Description of the Project: The second resume was for a job opening that would be a promotion into management at the company I have worked for since I was a junior in high school, Barnes and Noble Booksellers. As the elements of my first resume would not be nearly as compelling to a hiring manager as one that highlighted my experience in the company, I fashioned a new resume just for this job. I also changed the style of the document as this is a large national company, electing to make it more formal and remove the head-shot.

Alignment and Contrast Elements: In the second resume I chose to fashion the the elements of Alignment and Contrast into something a bit more muted and formal than the previous. I retained the same rationale as the first when it came to how I aligned my information, importance-least importance. However, the number of items (and how heavily I leaned on the principle of design) are less important in this document. The amount of contrast between various portions of the document are also muted. I do think that the first box at the top of the resume, though a tad much, again draws on our brains love of identifying differences in both the rectangular shape surrounding the name, and the blue of the box itself.

The Info-graphic

Description of the Project: The Info-graphic was our last project, and would serve as our final application of the design elements by way of the Adobe programs. The project's mission was to encourage the class to "visually present interrelated data sets in order to make an argument or tell a story, and a reflection in which you describe your rhetorical and design choices." This product was the most challenging as it came both at the end of the year, required several different programs, and most difficult of all required each of us to find an original data set and draw something informative from the set. I chose after much struggle the export/import data of roses in the three NAFTA nations-- Mexico, United States of America, and Canada.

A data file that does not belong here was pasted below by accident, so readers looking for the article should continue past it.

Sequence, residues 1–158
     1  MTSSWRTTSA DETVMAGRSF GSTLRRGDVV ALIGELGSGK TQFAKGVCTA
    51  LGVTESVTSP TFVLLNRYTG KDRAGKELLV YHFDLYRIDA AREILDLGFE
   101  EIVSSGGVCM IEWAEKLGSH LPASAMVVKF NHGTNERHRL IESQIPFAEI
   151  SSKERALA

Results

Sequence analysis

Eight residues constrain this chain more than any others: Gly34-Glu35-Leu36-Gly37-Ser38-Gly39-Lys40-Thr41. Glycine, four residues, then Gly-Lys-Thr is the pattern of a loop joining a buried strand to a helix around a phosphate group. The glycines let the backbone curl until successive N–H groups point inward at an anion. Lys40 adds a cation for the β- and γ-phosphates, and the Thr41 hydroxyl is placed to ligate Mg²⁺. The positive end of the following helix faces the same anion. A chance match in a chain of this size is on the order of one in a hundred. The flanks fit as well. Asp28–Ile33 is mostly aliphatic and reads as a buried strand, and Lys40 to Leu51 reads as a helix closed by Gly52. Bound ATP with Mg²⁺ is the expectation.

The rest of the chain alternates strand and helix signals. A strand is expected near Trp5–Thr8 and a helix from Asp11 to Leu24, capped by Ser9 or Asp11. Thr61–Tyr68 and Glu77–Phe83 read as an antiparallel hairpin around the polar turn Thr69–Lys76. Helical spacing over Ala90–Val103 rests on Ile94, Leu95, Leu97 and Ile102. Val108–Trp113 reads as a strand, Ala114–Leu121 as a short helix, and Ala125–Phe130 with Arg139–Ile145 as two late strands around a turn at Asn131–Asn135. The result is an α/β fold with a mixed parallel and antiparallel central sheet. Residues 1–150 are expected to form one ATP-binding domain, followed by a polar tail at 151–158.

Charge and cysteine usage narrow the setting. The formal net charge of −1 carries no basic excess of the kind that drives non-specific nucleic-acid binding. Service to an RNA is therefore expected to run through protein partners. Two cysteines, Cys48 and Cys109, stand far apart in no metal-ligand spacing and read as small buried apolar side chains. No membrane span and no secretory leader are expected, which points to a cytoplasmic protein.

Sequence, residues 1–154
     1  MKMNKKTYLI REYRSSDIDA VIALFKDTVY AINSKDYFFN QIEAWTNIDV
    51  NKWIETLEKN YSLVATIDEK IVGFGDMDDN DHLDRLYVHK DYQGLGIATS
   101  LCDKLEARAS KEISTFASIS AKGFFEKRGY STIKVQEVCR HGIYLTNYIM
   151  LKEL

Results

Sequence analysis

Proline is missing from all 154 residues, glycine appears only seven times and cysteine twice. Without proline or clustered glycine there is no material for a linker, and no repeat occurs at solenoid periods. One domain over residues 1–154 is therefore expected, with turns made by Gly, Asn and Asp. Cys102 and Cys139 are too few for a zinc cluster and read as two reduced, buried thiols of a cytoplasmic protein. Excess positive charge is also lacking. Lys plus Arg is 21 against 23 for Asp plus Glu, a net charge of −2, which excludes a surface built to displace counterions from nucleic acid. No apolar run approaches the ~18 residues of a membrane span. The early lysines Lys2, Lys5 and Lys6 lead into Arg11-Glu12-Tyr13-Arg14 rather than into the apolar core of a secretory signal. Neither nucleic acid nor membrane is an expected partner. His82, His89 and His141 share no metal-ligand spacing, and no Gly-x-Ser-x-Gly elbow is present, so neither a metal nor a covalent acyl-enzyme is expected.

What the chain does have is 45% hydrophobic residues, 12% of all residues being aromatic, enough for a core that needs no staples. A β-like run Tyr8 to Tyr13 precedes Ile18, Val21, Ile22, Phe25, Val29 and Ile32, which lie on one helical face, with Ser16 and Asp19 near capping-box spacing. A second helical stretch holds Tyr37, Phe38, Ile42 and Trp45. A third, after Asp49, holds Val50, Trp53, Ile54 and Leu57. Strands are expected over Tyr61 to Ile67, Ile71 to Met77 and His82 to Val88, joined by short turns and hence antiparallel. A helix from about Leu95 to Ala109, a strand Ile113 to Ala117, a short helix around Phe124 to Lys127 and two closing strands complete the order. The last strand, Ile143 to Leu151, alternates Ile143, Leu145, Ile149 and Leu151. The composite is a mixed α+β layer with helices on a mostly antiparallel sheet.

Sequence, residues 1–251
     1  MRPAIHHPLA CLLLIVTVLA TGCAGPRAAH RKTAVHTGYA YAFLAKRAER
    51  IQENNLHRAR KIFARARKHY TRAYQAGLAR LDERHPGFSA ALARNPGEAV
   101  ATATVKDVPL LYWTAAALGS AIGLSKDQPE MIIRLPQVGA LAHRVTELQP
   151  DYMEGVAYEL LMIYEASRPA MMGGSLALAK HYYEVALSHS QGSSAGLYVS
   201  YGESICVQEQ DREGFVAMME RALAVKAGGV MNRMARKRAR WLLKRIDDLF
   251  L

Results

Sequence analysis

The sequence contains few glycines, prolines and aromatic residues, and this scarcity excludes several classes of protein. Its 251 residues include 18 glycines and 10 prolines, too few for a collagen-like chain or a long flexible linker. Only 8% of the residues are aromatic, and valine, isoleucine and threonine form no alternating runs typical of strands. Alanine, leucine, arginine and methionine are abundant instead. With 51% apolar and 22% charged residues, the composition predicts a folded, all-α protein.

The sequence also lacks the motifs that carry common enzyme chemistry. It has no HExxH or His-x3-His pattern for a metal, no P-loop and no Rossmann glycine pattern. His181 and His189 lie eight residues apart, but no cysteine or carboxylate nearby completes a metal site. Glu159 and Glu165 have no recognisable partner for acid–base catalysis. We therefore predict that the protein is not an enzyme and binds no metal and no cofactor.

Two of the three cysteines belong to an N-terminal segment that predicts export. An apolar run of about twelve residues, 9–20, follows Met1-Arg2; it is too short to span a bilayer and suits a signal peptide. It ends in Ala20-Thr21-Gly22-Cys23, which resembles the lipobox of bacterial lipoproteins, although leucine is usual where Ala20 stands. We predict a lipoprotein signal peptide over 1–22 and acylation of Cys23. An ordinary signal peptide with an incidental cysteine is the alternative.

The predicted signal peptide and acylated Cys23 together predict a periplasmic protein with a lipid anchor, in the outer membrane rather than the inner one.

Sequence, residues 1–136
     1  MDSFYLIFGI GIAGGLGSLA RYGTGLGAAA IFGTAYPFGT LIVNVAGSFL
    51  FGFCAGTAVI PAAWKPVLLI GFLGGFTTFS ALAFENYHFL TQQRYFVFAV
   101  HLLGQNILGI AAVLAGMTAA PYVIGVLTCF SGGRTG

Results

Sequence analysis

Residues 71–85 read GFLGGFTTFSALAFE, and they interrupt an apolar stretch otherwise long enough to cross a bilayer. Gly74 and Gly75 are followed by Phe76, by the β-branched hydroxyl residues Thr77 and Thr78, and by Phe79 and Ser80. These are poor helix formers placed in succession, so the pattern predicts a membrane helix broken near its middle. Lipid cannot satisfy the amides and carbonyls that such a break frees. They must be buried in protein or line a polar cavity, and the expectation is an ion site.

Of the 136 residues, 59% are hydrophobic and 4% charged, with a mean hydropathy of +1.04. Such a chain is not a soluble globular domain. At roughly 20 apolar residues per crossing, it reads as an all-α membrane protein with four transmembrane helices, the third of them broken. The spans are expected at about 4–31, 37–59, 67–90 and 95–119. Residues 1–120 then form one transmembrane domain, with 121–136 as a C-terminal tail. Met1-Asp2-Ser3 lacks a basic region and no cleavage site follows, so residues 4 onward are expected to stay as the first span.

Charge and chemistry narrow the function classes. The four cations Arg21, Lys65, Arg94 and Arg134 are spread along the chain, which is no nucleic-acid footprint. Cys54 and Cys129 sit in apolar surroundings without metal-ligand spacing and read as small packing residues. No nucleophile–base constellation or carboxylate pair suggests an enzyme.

Alignment and Contrast Elements: The Info-graphic makes use of all four of the elements (however unsuccessfully as it may have turned out). Contrast is apparent throughout, but specifically in the four graphs that I included in the graphic- all of which use color or shape to engender conclusions about the data that they depict. The boxes with text also draw on this element. Alignment, unlike the previous projects is less important (outside of the title) as the info-graphic form itself offers considerable freedom in how information is presented. Even so, we can see that I could not part with putting the title at the top, the source at the bottom, and generally I stuck with the safe option of a vertical graphic whose constituent items flow south.

Course Reflection

Before entering into this course I was entirely ignorant of how powerful the arrangement of a graphic can play into the reception of an image. I of course had been a consumer of these edited pieces from literacy till college, but it took until well past the midpoint of the semester for me to really grasp the import that this class might have in my future career. As someone who consumes and studies political graphics regularly, the introduction to the elements of design (contrast, alignment, repetition, and proximity) has noticeably impacted my perception on what makes a good visual product. In addition, I imagine that these immediate benefits will translate into my future work as a political scientist. All fields, regardless of content, employ these elements in their products, logos, and materials. And these are just the general lessons taken at face value. This class becomes even more valuable when including the technical skills that I have acquired.

I had no previous experience with Adobe products, and I still admit to anyone that looks at any of this portfolio that I have much to learn still. Despite my continued illiteracy, the ability to depict data, my resume, or to fashion a new logo in a visually pleasing way, is something that I am especially thankful for. I may be faced in the work force with situations in which my manager/employer might require a product best made in Adobe, and I'll be able to say "Look, we don't have a graphic design team. We can struggle along with nothing, or I can make something for us to get on till then." This is all to say that in January when we began this course I did not think I would get much out of it-- a class to satisfy course requirements, nothing more. I was wrong. Much thanks is due to both the university, and to Dr. Talbot for offering this course, and for imparting skills and offering introductions into several intriguing programs.